Keep in mind the range of the channel compared to its stock price, though, as a $0.70 roll range on the channel for a $5 stock is a 14% potential ROI, (Return on Investment) on the stock alone. And if it can do this on a monthly or six-week basis, that could present a fantastic opportunity.

How to Trade the Channel

There are a variety of ways a trader can take advantage of a trade setup using a stock that trades in a channel.

Off Support: You can buy the stock, take a bullish or long call option, or bullish spread trade on Support with the expectation of closing the trade for profit once it trades up to Resistance.

From Resistance: You can reverse that and sell short the stock, take a bearish or long put option, or a bearish spread trade on Resistance with the anticipation of closing the trade for profit when it trades down to Support.

Take a look at the above chart on LEN and see if you can determine if it is currently on Support (meaning the price of the stock is currently in the low or lowest part of its range where it looks like prices will get supported from going any lower) or Resistance (meaning the stock is trading in the high or highest point of its range and it looks like it might resist going any higher).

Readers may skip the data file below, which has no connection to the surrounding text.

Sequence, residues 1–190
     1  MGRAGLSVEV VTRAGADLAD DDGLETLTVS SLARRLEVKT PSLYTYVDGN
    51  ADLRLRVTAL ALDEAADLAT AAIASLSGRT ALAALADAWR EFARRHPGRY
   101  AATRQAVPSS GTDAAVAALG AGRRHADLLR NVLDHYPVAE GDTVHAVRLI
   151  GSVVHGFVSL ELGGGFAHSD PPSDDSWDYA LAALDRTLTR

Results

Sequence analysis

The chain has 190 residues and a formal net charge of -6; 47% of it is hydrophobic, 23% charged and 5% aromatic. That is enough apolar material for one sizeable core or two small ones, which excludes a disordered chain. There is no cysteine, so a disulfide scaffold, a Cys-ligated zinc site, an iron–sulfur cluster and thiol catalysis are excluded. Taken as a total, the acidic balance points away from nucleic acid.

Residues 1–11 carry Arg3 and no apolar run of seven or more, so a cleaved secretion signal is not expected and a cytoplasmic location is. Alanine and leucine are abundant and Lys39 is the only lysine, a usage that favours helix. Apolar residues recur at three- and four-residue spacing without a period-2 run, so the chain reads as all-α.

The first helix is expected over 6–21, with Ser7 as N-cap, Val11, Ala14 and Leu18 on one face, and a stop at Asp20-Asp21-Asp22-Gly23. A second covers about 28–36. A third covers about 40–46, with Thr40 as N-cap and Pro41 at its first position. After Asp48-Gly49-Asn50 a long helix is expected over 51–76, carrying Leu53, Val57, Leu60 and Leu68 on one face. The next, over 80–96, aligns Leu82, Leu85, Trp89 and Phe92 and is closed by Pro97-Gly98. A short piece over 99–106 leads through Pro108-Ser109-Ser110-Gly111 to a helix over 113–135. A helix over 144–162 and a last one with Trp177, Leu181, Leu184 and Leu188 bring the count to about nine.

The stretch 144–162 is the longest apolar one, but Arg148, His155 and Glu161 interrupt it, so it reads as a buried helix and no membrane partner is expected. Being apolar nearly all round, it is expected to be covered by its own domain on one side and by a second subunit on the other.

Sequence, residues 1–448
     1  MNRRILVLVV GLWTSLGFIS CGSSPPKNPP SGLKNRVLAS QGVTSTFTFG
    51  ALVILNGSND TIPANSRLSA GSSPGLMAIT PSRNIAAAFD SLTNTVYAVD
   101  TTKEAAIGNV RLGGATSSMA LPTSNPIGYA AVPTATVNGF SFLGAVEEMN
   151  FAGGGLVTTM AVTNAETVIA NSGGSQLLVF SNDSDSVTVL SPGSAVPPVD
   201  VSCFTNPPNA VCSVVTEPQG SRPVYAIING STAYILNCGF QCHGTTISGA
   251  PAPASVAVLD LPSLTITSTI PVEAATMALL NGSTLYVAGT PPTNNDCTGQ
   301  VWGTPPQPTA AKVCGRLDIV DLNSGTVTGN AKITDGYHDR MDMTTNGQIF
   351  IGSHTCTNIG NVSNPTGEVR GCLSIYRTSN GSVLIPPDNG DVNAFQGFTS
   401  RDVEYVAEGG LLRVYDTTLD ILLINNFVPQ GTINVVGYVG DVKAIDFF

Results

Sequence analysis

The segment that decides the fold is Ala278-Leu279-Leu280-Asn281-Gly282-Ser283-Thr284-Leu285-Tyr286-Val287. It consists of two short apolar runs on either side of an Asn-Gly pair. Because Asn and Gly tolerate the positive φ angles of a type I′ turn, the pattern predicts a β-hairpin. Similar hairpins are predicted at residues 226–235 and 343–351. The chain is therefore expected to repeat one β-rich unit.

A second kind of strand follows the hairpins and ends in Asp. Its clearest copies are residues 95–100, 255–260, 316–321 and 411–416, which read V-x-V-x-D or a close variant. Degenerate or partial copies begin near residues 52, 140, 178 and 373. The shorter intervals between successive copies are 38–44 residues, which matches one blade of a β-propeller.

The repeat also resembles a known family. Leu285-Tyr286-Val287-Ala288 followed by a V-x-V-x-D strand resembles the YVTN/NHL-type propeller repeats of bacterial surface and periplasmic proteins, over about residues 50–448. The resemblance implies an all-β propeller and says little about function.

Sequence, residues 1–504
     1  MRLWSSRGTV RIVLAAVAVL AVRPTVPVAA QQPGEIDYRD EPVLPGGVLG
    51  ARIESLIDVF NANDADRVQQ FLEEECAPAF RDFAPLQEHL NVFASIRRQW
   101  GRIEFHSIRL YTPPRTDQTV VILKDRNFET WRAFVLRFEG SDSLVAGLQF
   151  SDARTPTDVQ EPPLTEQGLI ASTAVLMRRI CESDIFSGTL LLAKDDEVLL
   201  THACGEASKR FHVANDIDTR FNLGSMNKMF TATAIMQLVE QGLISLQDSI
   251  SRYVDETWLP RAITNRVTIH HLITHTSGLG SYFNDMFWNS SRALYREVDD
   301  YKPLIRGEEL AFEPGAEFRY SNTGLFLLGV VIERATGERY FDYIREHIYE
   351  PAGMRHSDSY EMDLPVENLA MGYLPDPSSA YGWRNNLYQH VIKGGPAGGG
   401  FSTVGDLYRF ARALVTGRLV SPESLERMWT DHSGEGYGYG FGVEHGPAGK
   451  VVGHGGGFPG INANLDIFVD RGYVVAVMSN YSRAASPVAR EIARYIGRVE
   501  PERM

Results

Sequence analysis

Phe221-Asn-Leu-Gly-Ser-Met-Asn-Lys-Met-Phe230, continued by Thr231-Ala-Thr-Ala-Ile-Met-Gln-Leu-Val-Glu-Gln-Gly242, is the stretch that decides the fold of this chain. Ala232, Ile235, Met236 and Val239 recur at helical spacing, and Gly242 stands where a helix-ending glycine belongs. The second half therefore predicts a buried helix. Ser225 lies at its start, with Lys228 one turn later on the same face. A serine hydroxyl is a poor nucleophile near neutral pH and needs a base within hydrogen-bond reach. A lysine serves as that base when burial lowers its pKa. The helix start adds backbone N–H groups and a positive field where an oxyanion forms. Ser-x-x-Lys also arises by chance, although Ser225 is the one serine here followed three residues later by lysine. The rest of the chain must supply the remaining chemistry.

If you said the stock is at Resistance, you’re absolutely right. This would make my anticipated short term future price move on LEN be to the downside, meaning you’d look for the stock to make a bearish move.

Managing Your Trades

The great thing about channels is they provide you with a reasonable price target and stop loss point for managing the risk in the trade.

As you can see in the LEN chart below, if you were to make a bearish play of Resistance, you’d likely want to set your stop loss if the stock closes above Resistance – that could be a signal that that the stock is breaking out of the channel you identified. Likewise, Support should be your target price

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You can place orders with your broker for you to exit the trade if the stock closes above the resistance price, or if it hits your price target at support.

Now, there are times when a stock will show a “false breakout,” closing above Resistance for one day before falling back into the range. You may want to consider setting your stop slightly higher, or waiting to see if the stock closes above resistance for two or more consecutive days before making your move.

Here’s your trading lesson summary:

Channels are a terrific way to visualize Support and Resistance and plot your next move.

  1. A Channel is created when a stock trades consistently between Support and Resistance levels.
  2. Traders can gain an advantage with a stock that trades in a channel because the stock’s behavior is more predictable.
  3. Remember: you’ll want to make a bullish move with a stock coming off Support, and a bearish move with a stock coming off Resistance.

On Thursday, I’ll be back with you to tell you a bit more about channels, including how to find them, how to assess their strength, and more on how to trade them.

Until then…

Good Trading,

Tom Gentile